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Pursuing music in college

Discussion in 'Off Topic [BG]' started by shkinnyBOB, Mar 10, 2003.

  1. As a junior in high school, I have been really considering what to major in at college and have pretty much decided on music. I was just wanting to hear from other music majors about what to expect and what kind of opportunities are there for music majors. I was also wanting to know about the specific areas that one can major in. Also, I know a little music theory, not much, but I was wondering if I should maybe take some theory lessons before starting college or should I not waste my money because it will all be taught very thoroughly in college. Thanks, any comments will be helpful
  2. jitsoa33

    jitsoa33 Guest

    Mar 10, 2003
    lafayette, ca

    which one should i respond in?
  3. Like I said, any information would be helpful, but the main thing is about the opportunities coming out of college as a music major (particularly a bass player)
  4. Munjibunga

    Munjibunga Total Hyper-Elite Member Gold Supporting Member

    May 6, 2000
    San Diego (when not at Groom Lake)
    Independent Contractor to Bass San Diego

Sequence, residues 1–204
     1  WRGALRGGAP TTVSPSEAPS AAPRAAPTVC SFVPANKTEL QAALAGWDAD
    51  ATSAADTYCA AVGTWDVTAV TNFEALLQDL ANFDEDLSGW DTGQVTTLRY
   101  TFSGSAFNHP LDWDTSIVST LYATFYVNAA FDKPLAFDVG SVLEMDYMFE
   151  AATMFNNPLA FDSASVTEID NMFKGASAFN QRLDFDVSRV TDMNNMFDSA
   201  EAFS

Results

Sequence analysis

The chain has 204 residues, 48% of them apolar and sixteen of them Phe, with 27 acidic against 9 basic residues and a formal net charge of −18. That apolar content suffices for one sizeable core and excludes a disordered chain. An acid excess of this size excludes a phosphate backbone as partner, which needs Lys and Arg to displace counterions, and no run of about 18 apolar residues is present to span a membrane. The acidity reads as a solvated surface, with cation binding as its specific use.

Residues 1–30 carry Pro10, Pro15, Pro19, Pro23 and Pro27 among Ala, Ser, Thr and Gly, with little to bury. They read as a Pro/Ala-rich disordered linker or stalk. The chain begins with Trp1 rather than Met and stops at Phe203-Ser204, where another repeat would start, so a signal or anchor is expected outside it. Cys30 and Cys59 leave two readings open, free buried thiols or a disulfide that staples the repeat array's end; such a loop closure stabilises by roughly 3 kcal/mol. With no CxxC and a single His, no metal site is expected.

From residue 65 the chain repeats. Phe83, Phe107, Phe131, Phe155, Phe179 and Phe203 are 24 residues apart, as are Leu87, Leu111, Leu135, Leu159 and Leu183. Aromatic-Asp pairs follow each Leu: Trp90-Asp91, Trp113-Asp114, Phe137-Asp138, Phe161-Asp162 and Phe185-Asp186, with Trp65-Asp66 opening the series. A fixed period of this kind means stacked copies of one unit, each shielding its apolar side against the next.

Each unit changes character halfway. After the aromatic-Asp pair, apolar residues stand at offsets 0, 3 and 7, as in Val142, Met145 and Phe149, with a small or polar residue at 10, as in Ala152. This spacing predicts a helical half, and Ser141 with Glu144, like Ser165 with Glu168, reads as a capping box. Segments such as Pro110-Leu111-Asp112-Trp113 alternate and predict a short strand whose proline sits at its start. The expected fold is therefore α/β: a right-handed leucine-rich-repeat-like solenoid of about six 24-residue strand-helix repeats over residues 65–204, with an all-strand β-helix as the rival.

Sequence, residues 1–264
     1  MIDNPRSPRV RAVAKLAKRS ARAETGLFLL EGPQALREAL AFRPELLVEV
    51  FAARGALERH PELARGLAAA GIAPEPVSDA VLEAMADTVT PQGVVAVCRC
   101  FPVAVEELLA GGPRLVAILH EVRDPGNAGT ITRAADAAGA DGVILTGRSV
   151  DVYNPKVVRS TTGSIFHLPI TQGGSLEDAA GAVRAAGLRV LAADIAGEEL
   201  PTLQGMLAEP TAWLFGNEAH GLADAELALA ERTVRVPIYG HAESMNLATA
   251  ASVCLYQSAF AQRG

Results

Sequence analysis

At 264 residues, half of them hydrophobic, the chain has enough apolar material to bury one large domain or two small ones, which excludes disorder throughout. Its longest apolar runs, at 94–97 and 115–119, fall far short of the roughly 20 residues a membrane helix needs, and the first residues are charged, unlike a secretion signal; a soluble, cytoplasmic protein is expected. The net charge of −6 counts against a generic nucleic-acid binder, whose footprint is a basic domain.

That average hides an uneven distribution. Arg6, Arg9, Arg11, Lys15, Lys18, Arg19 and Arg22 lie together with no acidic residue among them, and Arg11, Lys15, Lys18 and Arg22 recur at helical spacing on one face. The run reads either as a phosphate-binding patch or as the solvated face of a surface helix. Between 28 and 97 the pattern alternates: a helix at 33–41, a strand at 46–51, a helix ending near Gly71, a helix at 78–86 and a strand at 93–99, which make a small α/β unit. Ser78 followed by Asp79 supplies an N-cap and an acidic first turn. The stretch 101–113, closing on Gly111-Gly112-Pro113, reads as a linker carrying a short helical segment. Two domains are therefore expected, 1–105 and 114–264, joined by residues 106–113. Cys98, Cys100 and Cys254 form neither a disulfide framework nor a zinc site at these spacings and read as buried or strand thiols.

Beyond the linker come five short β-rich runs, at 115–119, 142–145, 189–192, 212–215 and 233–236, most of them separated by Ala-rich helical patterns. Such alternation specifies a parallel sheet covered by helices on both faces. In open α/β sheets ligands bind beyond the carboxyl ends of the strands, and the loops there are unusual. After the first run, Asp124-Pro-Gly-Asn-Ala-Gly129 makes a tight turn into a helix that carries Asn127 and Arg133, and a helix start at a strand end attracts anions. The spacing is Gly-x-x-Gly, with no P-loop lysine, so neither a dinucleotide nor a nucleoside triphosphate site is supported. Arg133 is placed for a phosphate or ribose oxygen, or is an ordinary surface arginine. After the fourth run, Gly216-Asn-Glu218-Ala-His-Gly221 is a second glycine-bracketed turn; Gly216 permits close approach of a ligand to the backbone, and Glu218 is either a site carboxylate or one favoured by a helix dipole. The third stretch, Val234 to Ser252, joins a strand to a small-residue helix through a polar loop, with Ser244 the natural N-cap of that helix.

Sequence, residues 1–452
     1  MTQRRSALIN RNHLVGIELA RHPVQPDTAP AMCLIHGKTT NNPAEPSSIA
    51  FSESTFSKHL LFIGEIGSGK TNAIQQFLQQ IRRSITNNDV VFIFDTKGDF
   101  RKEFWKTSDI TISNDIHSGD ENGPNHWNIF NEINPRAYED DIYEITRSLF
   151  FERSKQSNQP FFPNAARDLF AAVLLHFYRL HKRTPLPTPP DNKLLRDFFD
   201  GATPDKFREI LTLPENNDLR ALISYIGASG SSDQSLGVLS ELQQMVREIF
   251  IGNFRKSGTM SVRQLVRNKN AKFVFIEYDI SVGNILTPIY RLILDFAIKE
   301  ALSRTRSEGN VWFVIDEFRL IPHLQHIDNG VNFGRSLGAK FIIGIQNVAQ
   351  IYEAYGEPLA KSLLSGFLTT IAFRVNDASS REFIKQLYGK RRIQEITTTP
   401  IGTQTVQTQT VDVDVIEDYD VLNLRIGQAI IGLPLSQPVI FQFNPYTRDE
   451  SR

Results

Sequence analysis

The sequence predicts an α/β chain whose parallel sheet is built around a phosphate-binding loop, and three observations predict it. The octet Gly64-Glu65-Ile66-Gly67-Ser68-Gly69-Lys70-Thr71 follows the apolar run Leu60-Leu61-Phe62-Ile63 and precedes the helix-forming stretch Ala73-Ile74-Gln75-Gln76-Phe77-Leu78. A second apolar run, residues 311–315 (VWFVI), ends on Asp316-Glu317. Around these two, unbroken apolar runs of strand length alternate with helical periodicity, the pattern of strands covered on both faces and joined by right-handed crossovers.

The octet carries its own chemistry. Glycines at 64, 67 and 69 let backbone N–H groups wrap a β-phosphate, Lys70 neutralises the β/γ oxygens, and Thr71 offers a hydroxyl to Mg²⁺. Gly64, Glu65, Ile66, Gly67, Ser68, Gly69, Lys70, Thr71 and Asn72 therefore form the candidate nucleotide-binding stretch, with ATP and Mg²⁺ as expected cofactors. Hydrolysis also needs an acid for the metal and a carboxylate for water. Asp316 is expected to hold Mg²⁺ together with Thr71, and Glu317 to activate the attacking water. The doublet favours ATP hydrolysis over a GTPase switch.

If you want to be successful as a music major in college, you'd better be a pretty accomplished musician by the time you leave high school. That means theory, sight-reading, technique, the whole bit. The competition is stiff, and you'll just be left blowing in the weeds if you don't come prepared.

    My favorite music grad? Nathan East, who graduated from UC San Diego.

    A lot of music majors end up as high-school teachers, some end up as professional classical musicians in an orchestra somewhere, others, like Nathan, become session musicians and side-men. Don't assume you'll make a lot of money. If you become a first-call session player, though, you can get up into that six-figure bracket.
  5. Choosing music as a major is a chitzy enterprise. You got to know your stuff back, front, 3/4 left, right, upside down, inverted and inside-out.
    And even then you might not get in.

    Competition for majors, especially at prestigious colleges (and many 2nd tier ones), is very stiff, and if you mess up even a bit you could get cut.

    Also, the stuff they teach in college is some upper echelon (sp?) theory. If you don't have a good understanding of basic theory you'll be lost.

    Both my friends are applying for music majors at Berklee and UMass, and there's a whole bunch of auditions/formailities you need to go through. So, unless you're very dedicated to music, I would suggest having it as a minor, or just as a hobby.
  6. Matt Till

    Matt Till

    Jun 1, 2002
    Edinboro, PA
    Let me just say this Out of Experience. Get as much education pre-college as possible. You have to audition to be a music major, and need a lot of the basics to be understood already. I wasn't able to make it because I didn't know enough yet... :rolleyes: Because we all know, we love to go to college and pay thousands of dollars to learn things we already know. :rolleyes:
  7. Bruce Lindfield